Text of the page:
If XHR is implemented correctly per spec, then it will not leak:
An XMLHttpRequest object must not be garbage collected if its state is
OPENED and the send() flag is set, its state is HEADERS_RECEIVED, or
its state is LOADING, and one of the following is true:
It has one or more event listeners registered whose type is
readystatechange, progress, abort, error, load, timeout, or loadend.
The upload complete flag is unset and the associated
XMLHttpRequestUpload object has one or more event listeners registered
whose type is progress, abort, error, load, timeout, or loadend.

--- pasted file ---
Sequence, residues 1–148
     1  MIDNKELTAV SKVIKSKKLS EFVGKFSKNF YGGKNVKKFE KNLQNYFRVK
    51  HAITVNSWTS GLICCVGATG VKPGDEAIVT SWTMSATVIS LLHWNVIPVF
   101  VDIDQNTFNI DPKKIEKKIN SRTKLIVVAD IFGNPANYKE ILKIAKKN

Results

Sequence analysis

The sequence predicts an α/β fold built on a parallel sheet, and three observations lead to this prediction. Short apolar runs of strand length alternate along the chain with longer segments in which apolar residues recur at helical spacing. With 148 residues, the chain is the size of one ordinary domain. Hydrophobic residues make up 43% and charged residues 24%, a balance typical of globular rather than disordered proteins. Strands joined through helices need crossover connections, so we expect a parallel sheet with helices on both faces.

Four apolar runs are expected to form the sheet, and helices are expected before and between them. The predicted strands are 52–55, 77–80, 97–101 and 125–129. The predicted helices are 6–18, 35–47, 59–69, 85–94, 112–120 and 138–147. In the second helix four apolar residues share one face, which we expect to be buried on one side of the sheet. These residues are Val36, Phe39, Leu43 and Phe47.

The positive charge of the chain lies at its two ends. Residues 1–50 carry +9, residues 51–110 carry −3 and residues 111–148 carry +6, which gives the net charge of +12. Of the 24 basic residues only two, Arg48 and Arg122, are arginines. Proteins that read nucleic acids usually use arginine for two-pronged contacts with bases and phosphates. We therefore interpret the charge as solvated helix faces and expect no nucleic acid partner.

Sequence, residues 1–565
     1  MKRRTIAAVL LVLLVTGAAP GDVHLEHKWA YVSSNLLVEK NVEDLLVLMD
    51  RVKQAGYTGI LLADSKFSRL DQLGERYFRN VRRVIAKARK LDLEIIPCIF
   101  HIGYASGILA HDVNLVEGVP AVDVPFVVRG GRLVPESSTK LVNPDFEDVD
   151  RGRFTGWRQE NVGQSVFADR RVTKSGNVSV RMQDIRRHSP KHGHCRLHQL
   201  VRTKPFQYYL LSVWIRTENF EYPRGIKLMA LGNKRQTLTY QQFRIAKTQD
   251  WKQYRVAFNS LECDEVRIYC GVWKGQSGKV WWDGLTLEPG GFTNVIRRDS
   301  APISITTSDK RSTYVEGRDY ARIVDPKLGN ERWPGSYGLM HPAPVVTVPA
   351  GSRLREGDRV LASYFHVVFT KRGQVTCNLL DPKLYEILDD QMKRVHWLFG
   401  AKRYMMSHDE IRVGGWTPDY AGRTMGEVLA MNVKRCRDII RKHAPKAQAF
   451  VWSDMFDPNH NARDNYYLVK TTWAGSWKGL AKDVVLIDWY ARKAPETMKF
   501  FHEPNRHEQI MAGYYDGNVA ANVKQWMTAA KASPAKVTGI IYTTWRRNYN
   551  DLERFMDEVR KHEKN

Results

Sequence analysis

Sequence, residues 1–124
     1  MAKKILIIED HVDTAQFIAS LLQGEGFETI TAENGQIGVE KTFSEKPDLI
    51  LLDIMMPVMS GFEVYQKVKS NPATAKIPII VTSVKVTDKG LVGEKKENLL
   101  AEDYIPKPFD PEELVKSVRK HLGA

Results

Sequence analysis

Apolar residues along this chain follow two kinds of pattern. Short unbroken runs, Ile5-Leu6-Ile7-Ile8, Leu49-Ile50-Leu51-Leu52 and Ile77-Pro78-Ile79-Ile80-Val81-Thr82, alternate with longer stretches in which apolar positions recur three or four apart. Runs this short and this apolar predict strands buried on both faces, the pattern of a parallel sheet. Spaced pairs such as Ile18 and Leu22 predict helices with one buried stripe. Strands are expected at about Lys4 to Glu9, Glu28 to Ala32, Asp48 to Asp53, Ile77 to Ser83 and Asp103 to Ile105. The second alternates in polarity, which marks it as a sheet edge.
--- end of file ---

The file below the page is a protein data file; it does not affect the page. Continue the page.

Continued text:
If an XMLHttpRequest object is garbage collected while its connection
is still open, the user agent must cancel any instance of the fetch
algorithm opened by this object, discarding any tasks queued for them,
and discarding any further data received from the network for them.
So after you hit
.send() the XHR object (and anything it references) becomes immune to GC. However, any error or success will put the XHR into DONE state and it becomes subject to GC again. It wouldn't matter at all if the XHR object is sync or async. In case of a long sync request again it doesn't matter because you would just be stuck on the send statement until the server responds.
However, according to this slide it was not implemented correctly at least in Chrome/Chromium in 2012. Per spec, there would be no need to call
.abort() since the DONE state means that the XHR object should already be normally GCd.
I cannot find even slightest evidence to back up the MDN statement and I have contacted the author through twitter.